Friends, there’s never a good reason to include periodically in a contract.

Consider language of obligation:

The Bank will provide the Client periodically with a statement of account for each Account, identifying Assets held in the Accounts.

If I were the client, I’d sure want to be more specific that periodically, which could mean “at regular intervals” or just “from time to time.” I’d specify the intervals. And depending on the context, it might be appropriate instead to have the bank provide a statement whenever the client asks for one.

What about language of of discretion? Here’s an example:

The Trustees of the Trust may periodically review the commissions paid by the Portfolio to determine if the commissions paid over representative periods of time were reasonable in relation to the benefits to the Portfolio.

Presumably the idea is that the trustees would review commissions whenever they think it appropriate. The word periodically doesn’t express that.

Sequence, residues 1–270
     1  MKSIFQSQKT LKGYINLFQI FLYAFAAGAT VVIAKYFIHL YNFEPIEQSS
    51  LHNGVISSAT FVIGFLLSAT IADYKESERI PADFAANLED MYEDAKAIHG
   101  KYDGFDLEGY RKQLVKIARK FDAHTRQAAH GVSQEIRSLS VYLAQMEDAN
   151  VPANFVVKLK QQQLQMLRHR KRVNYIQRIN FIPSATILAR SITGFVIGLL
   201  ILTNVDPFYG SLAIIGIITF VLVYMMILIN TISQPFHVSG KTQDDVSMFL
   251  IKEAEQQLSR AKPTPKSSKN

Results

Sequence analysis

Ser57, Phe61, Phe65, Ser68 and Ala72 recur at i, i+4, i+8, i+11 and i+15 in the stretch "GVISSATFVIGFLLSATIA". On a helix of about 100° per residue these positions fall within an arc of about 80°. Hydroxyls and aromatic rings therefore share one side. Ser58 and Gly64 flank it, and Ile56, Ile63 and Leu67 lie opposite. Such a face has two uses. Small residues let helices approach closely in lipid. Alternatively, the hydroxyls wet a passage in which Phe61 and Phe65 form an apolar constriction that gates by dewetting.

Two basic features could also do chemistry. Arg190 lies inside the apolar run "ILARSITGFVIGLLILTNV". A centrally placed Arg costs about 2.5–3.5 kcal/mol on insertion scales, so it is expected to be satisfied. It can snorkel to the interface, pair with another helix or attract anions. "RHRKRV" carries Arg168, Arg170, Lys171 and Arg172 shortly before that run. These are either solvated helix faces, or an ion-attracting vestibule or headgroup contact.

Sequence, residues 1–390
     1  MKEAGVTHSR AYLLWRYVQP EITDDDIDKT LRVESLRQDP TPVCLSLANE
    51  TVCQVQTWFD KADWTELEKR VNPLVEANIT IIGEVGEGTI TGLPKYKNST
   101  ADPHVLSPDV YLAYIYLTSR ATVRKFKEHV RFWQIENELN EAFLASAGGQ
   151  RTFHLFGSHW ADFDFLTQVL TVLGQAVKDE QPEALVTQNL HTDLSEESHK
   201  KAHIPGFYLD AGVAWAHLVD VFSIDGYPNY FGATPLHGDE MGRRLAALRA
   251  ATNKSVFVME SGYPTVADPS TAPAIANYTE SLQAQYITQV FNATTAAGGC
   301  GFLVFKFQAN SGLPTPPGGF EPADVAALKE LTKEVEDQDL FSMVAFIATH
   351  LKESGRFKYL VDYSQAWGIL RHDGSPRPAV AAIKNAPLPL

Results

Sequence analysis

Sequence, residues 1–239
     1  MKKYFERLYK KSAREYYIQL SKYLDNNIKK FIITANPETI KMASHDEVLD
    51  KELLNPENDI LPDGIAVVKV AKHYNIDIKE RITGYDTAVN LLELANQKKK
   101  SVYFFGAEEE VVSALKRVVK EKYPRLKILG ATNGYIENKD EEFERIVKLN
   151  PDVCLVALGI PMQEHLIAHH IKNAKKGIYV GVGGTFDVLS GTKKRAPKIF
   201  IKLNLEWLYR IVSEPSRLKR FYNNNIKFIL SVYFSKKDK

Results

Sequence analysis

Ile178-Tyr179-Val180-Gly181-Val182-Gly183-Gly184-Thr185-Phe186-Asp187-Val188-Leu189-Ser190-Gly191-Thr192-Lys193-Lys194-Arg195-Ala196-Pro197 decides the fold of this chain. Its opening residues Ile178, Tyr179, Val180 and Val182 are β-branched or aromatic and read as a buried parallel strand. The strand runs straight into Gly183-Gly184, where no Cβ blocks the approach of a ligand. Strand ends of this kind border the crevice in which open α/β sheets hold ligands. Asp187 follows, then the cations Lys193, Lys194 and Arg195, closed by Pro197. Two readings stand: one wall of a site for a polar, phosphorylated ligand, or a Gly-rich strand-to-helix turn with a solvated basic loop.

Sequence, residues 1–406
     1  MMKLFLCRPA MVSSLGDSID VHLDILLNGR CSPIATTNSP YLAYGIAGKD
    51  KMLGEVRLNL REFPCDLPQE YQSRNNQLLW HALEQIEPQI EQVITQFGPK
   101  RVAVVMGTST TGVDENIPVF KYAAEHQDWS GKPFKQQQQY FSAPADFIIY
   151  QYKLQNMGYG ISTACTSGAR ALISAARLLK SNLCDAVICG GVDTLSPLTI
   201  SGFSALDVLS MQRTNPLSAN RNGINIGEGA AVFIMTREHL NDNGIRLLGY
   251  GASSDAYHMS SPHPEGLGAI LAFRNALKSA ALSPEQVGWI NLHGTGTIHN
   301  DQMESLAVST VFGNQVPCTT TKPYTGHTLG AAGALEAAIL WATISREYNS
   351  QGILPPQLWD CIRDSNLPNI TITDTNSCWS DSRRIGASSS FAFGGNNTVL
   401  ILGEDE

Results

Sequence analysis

And if you want to express the idea that stuff might change over time, you can do better than periodically:

… are in compliance with the Company’s written policies and procedures in effect from time to time [then in effect], including the Code of Ethics & Business Conduct and the Guidelines on Significant Governance Issues, in each case as may be amended periodically …

and shall be determined by Agent in accordance with this Agreement and Agent’s loan systems and procedures periodically [then] in effect …

About the author

Ken Adams is the leading authority on how to say clearly whatever you want to say in a contract. He’s author of A Manual of Style for Contract Drafting, and he offers online and in-person training around the world. He’s also chief content officer of LegalSifter, Inc., a company that combines artificial intelligence and expertise to assist with review of contracts.